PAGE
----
Scuffles broke out on Wednesday between Israeli authorities and protesters who feared preparations were underway to raze a Bedouin village in a strategic part of the occupied West Bank, despite international calls for a reprieve.
Protesters, including some waving Palestinian flags, tried to block a bulldozer and scuffled with police at Khan al-Ahmar on the eastern outskirts of Jerusalem. Some climbed onto the bulldozer in protest.
Israeli rights group B’Tselem said nine people were arrested – five from the village and four others, including the organisation’s own head of field research.
The Palestinian Red Crescent reported 35 people injured, with four taken to hospital.
Police reported two arrests and said stones were thrown at officers.
The incident came after activists said the Israeli military had issued a warrant to the 173 residents of Khan al-Ahmar on Tuesday, authorising itself to seize access roads to the village.
Heavy equipment was seen around the village on Wednesday, prompting speculation a road was being prepared to facilitate its evacuation and demolition.
‘Today they are proceeding with infrastructure work to facilitate the demolition and forcible transfer of residents,’ Amit Gilutz, spokesman for B’Tselem, said.
Israeli authorities say the village and its school were built illegally, and in May the supreme court rejected a final appeal against its demolition.
But activists say the villagers had little alternative but to build without Israeli construction permits, as the documents are almost never issued to Palestinians for building in parts of the West Bank where Israel has full control over civilian affairs.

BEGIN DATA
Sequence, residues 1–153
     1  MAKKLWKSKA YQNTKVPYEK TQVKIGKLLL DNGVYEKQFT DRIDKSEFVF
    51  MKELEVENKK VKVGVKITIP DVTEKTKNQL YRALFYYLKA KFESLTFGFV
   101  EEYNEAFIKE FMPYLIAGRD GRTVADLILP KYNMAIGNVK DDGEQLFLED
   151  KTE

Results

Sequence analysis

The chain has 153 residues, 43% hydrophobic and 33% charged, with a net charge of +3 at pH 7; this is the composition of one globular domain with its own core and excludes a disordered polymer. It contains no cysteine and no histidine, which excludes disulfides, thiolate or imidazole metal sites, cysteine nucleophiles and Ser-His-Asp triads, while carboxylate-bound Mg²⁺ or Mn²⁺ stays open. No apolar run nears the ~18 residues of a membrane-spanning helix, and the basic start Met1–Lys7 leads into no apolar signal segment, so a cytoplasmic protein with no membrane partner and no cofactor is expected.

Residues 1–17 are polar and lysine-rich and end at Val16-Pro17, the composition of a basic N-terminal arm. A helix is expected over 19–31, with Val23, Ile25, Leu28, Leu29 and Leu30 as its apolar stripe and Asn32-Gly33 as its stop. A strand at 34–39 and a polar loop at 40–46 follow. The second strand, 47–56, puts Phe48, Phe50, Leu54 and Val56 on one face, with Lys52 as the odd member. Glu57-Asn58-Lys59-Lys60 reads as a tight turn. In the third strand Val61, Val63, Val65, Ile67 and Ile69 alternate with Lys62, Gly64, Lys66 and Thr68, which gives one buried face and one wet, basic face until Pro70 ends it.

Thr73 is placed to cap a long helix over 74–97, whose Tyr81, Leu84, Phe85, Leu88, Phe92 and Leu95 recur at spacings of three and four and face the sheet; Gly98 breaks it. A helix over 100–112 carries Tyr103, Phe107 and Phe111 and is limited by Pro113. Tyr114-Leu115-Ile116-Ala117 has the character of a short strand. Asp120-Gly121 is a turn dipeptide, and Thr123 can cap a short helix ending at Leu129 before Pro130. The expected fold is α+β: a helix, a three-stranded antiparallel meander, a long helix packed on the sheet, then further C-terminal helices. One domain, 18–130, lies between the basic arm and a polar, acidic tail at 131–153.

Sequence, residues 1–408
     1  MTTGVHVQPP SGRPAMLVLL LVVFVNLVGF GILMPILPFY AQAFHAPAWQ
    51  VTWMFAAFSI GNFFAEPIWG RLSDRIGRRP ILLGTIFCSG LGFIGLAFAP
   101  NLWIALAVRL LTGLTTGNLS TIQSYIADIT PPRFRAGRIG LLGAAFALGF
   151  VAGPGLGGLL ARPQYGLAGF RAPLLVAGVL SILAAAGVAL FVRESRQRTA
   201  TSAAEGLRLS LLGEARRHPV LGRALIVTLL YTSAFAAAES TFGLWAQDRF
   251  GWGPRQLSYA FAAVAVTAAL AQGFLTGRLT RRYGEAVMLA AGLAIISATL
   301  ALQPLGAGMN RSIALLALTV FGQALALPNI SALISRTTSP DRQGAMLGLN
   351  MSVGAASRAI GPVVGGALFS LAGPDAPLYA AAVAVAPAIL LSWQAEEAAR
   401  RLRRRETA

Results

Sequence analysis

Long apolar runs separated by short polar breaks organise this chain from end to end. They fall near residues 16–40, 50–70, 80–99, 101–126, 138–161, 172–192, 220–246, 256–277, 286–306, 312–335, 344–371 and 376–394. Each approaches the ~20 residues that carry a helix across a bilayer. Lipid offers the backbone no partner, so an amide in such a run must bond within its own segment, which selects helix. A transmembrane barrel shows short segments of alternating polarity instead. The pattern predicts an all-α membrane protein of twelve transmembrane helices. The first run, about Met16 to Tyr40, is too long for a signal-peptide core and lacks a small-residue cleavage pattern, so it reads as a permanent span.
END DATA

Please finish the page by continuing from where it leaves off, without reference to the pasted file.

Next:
Israel authorities say they have offered villagers an alternative site.
The village is made up mainly of makeshift structures of tin and wood, as is traditionally the case with Bedouin villages.
Britain’s minister of state for the Middle East, Alistair Burt, visited the village in May and called on the Israeli government to show restraint.
Meanwhile, thousands of Palestinian women demonstrated Tuesday along the fence that separates the Gaza Strip from Israel, their first mass mobilisation since protests erupted on the border three months ago.
Since the end of March, Gazans have been demonstrating along the heavily guarded frontier in protest at Israel’s decade-long blockade of the territory and in support of the Palestinians’ right to return to lands they fled or were driven from during the war surrounding the creation of Israel in 1948.
On Tuesday, women arrived in buses from across the enclave, many accompanied by their children, AFP correspondents said.
They moved in groups to within 50 meters (yards) of the fence that divides the Gaza Strip from Israeli territory, they reported.
Seventeen people were wounded by Israeli gunfire, Gaza’s health ministry spokesman Ashraf al-Qodra said.
‘I came to finish the march that my daughter had started,’ Rim Abu Irmana said, waving a picture of her 15-year-old daughter, Wasal, who was killed by Israeli gunfire on May 14.
‘These demonstrations are peaceful. We are only defending our land and our rights,’ added the 43-year-old, holding the hand of her young son.
Since the protests and clashes broke out along the Gaza border on March 30, at least 138 Palestinians have been killed by Israeli fire.
The majority were involved in protests and clashes but others were seeking to breach or damage the border fence.
No Israelis have been killed.
The demonstrations peaked when at least 62 Palestinians were killed as thousands approached the border fence in protest at the US decision to move its embassy to Israel from Tel Aviv to the disputed city of Jerusalem on May 14.
Israel insists the whole of Jerusalem is its ‘eternal indivisible capital’ but the Palestinians claim the eastern sector, which Israel occupied in the Six-Day War of 1967 and later annexed, as the capital of their future state.
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